In step three I tried two different methods of shading. Method one mixed 50/50 yellow and black (lower belly) and method 2 diluted the black (one drop black to three drops water) and used it as a wash. Pre-firing they both looked a bit sketchy but the black wash went on smoother. Post-firing, the black wash is chunkier and doesn't present the smooth grading I need for this project.
For the final piece I decided to go with the black wash but this time I diluted it 1:5 and mixed it extremely well to ensure there were no chunks of pigment. The wash went on nicely. The shading turned out pretty well. The only thing I'd change next time would be the shading on the back of the sea-dragons. It should be horizontal not vertical allowing it to conform to the shape of the beast better.
I picked up the plate the morning of the event, and as usual, forgot to get a photo.
Project 34 - Krae Glas serving plate for Day of Honour 2014 - Picture by Baron Cormac.
Step 3 (should have been step 2): Determine the colour pallet. Experiment on a piece of scrap ceramic with blends and shades of glaze. The fired piece gives a good approximation of how the finished glazes will look and will guide my technique. One thing is for sure, I'm going to need a finer brush or more steady hand.
During our recent trip to Europe, we took a side trip to Italy. To be specific: Sicily to see volcanos. While in Sicily I had the opportunity to pick up some lovely ceramics. These are the lovely things I couldn't help but bring home. I'll post picks of some of the items that stayed behind later.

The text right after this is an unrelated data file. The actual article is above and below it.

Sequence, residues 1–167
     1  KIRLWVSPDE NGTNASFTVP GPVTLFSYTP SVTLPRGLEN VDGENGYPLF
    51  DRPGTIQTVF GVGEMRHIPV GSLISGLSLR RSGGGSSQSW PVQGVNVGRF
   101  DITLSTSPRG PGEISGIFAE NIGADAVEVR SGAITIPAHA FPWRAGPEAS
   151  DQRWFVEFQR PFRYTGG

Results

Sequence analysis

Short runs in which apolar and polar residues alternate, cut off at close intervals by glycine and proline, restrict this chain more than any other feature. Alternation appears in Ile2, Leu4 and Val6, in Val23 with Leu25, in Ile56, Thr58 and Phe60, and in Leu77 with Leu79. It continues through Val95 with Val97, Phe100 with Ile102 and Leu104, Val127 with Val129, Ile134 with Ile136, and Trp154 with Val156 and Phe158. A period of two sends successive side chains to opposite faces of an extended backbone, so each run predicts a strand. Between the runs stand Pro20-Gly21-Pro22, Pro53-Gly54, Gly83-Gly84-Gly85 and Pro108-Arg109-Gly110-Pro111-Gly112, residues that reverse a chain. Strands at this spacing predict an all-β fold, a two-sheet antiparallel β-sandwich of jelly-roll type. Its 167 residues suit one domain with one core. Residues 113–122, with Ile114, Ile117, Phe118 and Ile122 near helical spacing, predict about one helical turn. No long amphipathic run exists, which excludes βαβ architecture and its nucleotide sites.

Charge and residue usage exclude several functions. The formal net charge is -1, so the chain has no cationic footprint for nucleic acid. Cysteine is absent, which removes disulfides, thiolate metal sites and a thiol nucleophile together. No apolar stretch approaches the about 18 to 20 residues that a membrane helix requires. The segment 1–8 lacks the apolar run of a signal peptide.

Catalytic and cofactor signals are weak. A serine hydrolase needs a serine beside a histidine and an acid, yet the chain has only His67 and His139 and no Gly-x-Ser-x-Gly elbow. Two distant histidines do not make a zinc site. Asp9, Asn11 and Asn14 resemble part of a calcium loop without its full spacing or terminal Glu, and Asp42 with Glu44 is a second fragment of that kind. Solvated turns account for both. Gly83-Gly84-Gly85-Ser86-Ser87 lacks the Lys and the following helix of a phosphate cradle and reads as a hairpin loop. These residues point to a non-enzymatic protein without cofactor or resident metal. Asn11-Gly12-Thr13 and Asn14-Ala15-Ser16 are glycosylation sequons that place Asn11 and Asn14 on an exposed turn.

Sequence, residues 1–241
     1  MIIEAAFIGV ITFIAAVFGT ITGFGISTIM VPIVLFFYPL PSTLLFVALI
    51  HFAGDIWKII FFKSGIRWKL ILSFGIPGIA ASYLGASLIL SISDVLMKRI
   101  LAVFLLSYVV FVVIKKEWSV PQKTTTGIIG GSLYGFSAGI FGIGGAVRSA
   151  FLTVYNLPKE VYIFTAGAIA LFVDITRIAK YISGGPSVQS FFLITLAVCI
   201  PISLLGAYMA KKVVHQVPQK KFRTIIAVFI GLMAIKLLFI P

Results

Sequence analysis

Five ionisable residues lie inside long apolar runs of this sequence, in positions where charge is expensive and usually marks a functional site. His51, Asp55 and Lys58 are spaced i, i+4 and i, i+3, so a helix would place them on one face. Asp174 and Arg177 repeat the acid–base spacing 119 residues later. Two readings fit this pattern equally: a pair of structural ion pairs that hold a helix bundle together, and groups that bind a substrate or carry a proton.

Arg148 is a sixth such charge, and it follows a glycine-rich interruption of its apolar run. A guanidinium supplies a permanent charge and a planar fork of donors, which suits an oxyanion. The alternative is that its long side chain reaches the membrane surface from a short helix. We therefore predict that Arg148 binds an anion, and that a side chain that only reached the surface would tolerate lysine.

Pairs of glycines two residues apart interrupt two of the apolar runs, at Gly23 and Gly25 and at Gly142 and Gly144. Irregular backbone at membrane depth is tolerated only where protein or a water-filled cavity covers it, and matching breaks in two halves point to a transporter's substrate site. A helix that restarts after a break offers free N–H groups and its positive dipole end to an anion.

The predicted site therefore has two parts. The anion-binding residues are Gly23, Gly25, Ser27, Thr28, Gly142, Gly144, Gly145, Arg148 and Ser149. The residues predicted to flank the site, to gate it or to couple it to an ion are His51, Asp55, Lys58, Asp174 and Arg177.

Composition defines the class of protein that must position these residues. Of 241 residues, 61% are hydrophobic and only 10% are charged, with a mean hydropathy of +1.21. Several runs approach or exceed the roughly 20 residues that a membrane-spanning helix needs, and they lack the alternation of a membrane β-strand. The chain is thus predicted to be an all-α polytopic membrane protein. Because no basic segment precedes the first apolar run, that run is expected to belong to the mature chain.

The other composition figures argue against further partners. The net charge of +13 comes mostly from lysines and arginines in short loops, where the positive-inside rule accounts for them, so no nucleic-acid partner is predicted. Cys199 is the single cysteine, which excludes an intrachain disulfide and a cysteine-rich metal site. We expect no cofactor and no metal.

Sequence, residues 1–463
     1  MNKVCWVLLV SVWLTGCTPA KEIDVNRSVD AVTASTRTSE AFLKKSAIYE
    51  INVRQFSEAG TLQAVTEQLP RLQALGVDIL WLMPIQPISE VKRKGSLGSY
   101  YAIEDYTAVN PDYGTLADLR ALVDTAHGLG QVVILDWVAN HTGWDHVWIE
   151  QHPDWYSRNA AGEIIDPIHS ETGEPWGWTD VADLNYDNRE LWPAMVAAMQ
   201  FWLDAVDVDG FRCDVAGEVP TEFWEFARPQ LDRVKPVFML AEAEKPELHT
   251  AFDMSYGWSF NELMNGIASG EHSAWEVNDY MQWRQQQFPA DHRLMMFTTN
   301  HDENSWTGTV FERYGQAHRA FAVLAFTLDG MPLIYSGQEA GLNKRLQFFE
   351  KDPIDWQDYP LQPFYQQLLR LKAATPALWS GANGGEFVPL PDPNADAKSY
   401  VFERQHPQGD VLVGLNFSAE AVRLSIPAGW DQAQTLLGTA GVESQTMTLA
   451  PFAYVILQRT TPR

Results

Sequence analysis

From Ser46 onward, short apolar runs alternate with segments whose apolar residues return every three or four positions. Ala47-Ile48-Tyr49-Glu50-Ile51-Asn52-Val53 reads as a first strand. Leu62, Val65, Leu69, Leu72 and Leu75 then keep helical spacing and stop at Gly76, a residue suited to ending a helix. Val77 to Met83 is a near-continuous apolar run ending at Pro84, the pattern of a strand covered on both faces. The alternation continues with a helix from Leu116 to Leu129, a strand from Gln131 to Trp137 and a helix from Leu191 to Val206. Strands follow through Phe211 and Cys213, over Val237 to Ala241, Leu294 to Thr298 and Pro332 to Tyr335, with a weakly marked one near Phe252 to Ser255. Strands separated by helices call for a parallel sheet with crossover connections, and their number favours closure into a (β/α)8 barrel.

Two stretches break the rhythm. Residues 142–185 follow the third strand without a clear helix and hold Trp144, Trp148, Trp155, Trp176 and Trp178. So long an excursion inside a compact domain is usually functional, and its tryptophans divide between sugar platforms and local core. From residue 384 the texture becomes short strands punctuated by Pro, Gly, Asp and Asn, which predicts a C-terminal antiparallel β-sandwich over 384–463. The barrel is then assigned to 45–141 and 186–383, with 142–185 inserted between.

First up is what we've taken to calling the wine fish. This thing was a challenge to bring home with all it's knobbly bits. I was so worried something would get knocked off during the day and a half of plane flights. The winefish has three candle holders as his crest and a mouth wide enough to hold a bottle of wine, or salt or sliced bread. Under the blue glaze he also has scales carved into his body. I've never seen anything like him in my research but I tend to look at plates and cups so I'll have to do some more digging to document him.
This is the wine fish in his new home next to the plate and dish I also acquired. The shop-keeper called these "pre-majolica". I'm going to spend some time soon looking for the museum pieces that inspired these designs. I am so glad these made it back to Australia with me. Soon I'll have an update on what I've found out about the artist, the inspiration pieces and the items I had to leave behind.
Step 2: Determine your colour layout. I spent some time with a basic sketch of the elements trying to decide which colours would go where. I've determined that the four main seabeasts will be gold, while the rest of the design will be blue. I may skip the red of the original images to retain the balance, and the Krae Glas colour scheme.
The yellow elements were painted first, then the octopus and the Krae Glas populous devices. Finally the wave motif was painted in and the whole background was given a simple blue wash. I contemplated using a different blue for the background but decided that if I was careful enough the depth of glaze would be apparent. I haven't used a wash since trying to duplicate patina on my first plate. I hope this works out well.